The Jingde Record of the Transmission of the Lamp
The Jingde Record of the Transmission of the Lamp (traditional Chinese: 景德傳燈錄; simplified Chinese: 景德传灯录; pinyin: Jǐngdé Chuándēnglù; Wade–Giles: Ching-te Ch'uan teng lu; Japanese: Keitoku Dentō-roku), often referred to as The Transmission of the Lamp, is a 30 volume work consisting of putative biographies of the Chan Buddhist and Zen Buddhist patriarchs and other prominent Buddhist monks. It was produced in the Song dynasty by Shi Daoyuan (simplified Chinese: 释道原; traditional Chinese: 釋道原; pinyin: Shì Dàoyuán; Wade–Giles: Shih Tao-Yüen). Other than the Anthology of the Patriarchal Hall, it represents the first appearance of "encounter dialogues" in the Chan tradition, which in turn are the antecedents of the famous kōan stories.
This article needs additional citations for verification. (October 2018)
The word Jingde (景德), the first two characters of the title, refers to the Song dynasty reign name, which dates the work to between 1004 and 1007 CE. It is a primary source of information for the history of Chan Buddhism in China, although most scholars interpret the biographies as largely hagiography. The lives of the Zen masters and disciples are systematically listed, beginning with the first seven buddhas (Gautama Buddha is seventh in this list). The "Lamp" in the title refers to the "Dharma", the teachings of the Buddhism. A total of 1701 biographies are listed in the book. Volumes 1 to 3 are devoted to the history of Indian Buddhism, and the history of Buddhism in China starts in chapter 4 with Bodhidharma. Volume 29 is a collection of gathas, and volume 30 is a collection of songs and other devotional material.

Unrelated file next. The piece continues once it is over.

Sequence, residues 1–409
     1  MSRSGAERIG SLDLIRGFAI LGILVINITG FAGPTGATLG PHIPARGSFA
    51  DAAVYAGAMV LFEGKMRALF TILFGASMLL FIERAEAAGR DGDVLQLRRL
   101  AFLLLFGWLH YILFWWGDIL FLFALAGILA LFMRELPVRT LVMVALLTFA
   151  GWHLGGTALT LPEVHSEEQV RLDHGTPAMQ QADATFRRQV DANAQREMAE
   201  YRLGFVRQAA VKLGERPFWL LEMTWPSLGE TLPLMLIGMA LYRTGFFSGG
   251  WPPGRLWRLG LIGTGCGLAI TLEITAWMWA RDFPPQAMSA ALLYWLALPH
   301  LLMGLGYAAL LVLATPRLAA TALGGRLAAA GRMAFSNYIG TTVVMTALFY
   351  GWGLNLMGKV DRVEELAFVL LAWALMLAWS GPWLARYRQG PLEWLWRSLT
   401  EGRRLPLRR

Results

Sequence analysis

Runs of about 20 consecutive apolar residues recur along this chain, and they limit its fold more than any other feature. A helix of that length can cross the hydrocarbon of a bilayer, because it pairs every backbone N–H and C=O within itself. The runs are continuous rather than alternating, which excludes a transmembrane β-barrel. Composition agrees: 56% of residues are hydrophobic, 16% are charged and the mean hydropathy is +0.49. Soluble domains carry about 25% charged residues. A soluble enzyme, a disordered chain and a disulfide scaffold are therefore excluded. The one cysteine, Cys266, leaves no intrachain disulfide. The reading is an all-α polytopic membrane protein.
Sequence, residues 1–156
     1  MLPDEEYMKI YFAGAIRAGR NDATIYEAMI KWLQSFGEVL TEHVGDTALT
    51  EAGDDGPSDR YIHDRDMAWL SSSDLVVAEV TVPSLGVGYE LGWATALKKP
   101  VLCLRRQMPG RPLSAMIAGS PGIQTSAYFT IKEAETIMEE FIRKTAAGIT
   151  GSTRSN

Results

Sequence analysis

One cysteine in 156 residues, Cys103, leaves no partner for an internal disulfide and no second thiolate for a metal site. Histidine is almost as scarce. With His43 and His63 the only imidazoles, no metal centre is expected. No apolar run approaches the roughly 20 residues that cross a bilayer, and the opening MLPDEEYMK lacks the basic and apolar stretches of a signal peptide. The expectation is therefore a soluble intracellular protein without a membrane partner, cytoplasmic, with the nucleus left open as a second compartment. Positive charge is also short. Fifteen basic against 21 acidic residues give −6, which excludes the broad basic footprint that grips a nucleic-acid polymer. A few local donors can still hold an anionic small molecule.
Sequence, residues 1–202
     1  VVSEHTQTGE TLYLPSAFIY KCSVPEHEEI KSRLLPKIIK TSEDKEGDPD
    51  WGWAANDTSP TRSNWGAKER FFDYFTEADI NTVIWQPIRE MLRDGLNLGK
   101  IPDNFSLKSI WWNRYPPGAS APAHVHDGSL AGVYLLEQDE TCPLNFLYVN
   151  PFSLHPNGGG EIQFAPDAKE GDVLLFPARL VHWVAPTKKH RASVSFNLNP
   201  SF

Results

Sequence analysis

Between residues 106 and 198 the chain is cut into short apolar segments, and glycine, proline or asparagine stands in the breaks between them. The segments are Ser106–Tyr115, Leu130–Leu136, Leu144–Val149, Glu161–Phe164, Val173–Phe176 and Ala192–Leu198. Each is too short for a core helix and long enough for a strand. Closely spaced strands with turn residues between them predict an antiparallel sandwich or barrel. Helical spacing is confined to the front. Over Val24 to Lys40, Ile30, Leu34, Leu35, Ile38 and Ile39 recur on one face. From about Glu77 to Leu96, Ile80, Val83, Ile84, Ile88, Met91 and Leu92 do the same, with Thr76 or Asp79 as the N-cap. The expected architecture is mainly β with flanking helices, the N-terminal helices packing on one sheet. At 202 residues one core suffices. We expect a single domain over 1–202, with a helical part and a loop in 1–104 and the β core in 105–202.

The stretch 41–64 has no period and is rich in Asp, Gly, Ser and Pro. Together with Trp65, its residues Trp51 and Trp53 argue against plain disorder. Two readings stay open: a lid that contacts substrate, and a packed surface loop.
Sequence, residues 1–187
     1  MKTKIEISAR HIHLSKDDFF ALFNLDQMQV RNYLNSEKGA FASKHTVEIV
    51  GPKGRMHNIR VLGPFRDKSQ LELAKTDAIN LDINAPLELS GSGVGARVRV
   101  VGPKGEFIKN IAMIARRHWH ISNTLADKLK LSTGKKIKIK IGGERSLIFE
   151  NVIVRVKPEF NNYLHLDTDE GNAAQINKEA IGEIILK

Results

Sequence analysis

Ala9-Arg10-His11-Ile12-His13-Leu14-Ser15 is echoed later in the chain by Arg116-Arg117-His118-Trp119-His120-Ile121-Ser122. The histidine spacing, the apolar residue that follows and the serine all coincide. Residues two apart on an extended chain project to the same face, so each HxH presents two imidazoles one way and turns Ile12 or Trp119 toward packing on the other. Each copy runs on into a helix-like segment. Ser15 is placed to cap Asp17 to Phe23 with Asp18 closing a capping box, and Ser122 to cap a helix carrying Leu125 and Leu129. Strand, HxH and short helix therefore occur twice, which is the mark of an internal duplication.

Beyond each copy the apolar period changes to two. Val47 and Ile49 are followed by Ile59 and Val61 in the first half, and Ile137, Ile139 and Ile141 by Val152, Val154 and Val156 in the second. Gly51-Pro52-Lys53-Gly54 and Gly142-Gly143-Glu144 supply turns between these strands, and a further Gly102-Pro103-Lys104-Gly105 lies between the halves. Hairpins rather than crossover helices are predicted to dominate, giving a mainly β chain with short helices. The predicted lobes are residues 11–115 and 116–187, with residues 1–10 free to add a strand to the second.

List of PatriarchsEdit
The Seven BuddhasEdit
- Vipashin Buddha
- Shikhin Buddha
- Vessabhu/Vishvabhu Buddha
- Krakucchsnda/Kakusandha Buddha
- Kanakamuni/Konagamana Buddha
- Kasyapa Buddha
- Gotama Buddha
The Twenty-Eight Indian PatriarchsEdit
Six Chinese PatriarchsEdit
In addition to the acknowledged Chan patriarchs, the Transmission of the Lamp includes biographies or anecdotes involving a number of other figures known in the Chan/Zen tradition, including members of the Oxhead school, Layman Pang, and influential disciples of Chinese masters who were not recognized as patriarchs.
The complete text (in simplified Chinese) of the Transmission of the Lamp is available from Beijing Guoxue (北京国学).